Posts in Work methods (96)
App: Sparrow (desktop) / (iPhone)
Price: $10.99 (desktop) / $2.99 (iPhone)
Why we like it: Light email client with a polished and very compact twitter-app-looking interface. It integrates with dropbox allowing you to automatically upload attachments just by drag-&-drop on the email body. The attachment then is replaced with the dropbox download link.
It's common to use a centralised "Constants" class where you gather together lots of constants for your app. For example, in Objective-C you'll often have a big file Constants.h full of lines like this.
- #define DEBUG_MODE NO
- #define APP_URL @"http://itunes.com/apps/mycoolapp"
- #define CHARACTER_ANIMATION_TIME 2.0f
- #define FOOTER_IMAGE @"mycoolapp-footer.png"
- #define FONT @"Helvetica-Bold"
Don't do this.
1. It increases compile times significantly. Because lots of other classes depend on Constants.h (it's common to include it in the .pch header file so all files have access to it), any small change to Constants.h means that every class in your application will need to be recompiled. And ironically, during development at least, constants are often variable
2. It makes unit testing more complex, adds additional dependencies and discourages re-use. Because many classes depend on Constants.h, its harder to test them in isolation. Moreover, you can't easily transfer classes between projects, without manually checking which parts of Constants.h needs to be copied too.
Instead, it's much better to place constants in the class which they are used in. If you have a true need for a global constant, but it is for a value which you might want to frequently change during development (such as the DEBUG_MODE boolean above), consider using a macro to load the value from a config file, for example you could define a key in the Info.plist:
- #define DEBUG_MODE ([[[[NSBundle mainBundle] infoDictionary] objectForKey:@"APP_MODE"] isEqualToString:@"DEBUG"])
Next time you need to transfer a file between computers and are about to reach for a USB flash drive, think about the following two cases. If either of them matches, you have an alternative! As icing on the cake, you can use either method whether you are on a Linux, Mac, or Windows-based system.
A very nice feature that Github added some time ago on Issues 2.0 is the ability to refer to and close issues when doing a "git commit" via commit message:
git commit -m 'just fixed issue #123'
That's nice, but what if we want to keep that issue open, change its state, or assign it to a different person in the team? As an example, what if I'm working on a bunch of issues, and I want QA to test them before they get closed?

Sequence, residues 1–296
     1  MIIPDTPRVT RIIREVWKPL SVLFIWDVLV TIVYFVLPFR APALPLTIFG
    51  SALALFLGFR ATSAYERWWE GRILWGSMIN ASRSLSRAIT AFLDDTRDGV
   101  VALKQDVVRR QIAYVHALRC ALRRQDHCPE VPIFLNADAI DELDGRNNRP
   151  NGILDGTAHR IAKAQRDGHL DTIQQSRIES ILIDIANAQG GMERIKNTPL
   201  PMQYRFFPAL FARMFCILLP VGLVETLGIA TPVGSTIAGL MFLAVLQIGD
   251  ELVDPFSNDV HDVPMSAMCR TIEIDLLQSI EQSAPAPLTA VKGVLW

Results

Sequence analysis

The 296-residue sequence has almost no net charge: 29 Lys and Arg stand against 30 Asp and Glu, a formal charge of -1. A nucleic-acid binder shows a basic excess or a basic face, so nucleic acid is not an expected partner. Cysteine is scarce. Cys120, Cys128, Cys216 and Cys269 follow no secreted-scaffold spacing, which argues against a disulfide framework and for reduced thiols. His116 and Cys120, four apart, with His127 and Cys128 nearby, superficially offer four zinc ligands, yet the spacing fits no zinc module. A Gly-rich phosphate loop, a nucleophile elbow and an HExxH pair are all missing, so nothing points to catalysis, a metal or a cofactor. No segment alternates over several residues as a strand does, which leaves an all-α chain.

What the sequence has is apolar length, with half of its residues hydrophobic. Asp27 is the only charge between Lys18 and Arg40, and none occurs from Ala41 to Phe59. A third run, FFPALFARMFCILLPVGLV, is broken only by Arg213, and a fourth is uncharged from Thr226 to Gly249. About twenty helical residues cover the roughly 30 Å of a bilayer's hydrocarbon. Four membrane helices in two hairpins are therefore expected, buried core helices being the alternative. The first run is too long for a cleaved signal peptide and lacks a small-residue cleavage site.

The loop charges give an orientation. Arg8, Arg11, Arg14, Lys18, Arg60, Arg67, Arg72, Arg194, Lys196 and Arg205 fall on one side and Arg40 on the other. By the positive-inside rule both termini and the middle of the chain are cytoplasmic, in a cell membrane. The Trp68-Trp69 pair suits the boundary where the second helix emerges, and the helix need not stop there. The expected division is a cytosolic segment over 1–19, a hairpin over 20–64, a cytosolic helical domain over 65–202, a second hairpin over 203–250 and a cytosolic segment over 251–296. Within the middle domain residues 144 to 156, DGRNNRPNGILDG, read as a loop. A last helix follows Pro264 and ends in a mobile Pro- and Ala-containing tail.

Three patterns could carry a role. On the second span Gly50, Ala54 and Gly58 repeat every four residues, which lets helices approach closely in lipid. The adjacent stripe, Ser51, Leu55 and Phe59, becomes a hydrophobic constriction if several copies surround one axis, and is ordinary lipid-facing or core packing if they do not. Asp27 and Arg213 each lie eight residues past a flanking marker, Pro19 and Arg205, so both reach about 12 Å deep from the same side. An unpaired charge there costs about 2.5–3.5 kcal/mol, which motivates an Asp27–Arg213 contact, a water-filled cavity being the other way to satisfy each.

Well, we have two ways of doing this:
1. Open your web browser of preference. Go to Github.com and sign in. Find the repository of the project you are working on. Find the issue you want to modify on the issues page of the project. Get amused by that very friendly user interface. Add/change the labels to the issue on the right panel. Assign someone to the issue using the "gears" drop box icon. Easy!
2. git commit -m 'updated issue #123 ~QA =steve'
If you are like me and would like to do option 2, keep reading! (If not, do option 1 a few hundred times and maybe we'll see you again soon! :P)
Luckily, Github user bluescripts wrote a very simple ruby app using the Sinatra web framework that can be easily hooked up into our project's repository using the Github Service Hook: Post-Receive-URL. This Sinatra app can be deployed and hosted on Heroku which gives you some free monthly Dynos enough for this purpose.
Here are the steps to get this app running on Heroku:
1. Go to Heroku.com and sign up for an account (free)
2. Download and Install the Heroku Toolbelt (Mac / Win)
3. After installing the Toolbelt you will have access to the "heroku" command from your command shell, type in:
$ heroku login
Enter your Heroku credentials (email/password) and upload your SSH public key.
If you have any trouble on this steps please refer to the Heroku quickstart guide.
4. git clone this project @ https://github.com/bluescripts/github-postcommit-shinie and then cd into the project folder
$ git clone https://github.com/bluescripts/github-postcommit-shinies.git
$ cd github-postcommit-shinies
5. install the heroku gem
$ gem install heroku
6. install the bundler gem
$ gem install bundler
7. run bundle install to setup your bundle locally
$ bundle install
8. add and commit the Gemfile.lock file
$ git add Gemfile.lock
$ git commit -m 'Gemfile lock'
9. create the app on the Cedar stack
$ heroku create --stack cedar
After running this command you will see something like this:Creating falling-moon-8152... done, stack is cedar
http://falling-moon-8152.herokuapp.com/ | firstname.lastname@example.org:falling-moon-8152.git
Git remote heroku added
Copy and save the deployment Heroku URL of your app, we will use it later. Also you can check this URL on Heroku/myapps.
10. deploy your code to Heroku
$ git push heroku master
11. check the status of your app
$ heroku ps
If everything goes fine you will see your app up and running.Process State Command
------- --------- ------------------------------------
web.1 up for 1m bundle exec rackup config.ru -p $PORT
Now go to the Admin page of your Github repository and click on the Service Hooks button on the left menu then click on the Post-Service-URLs button and paste your Heroku URL of your app and click the Update Settings button. Done!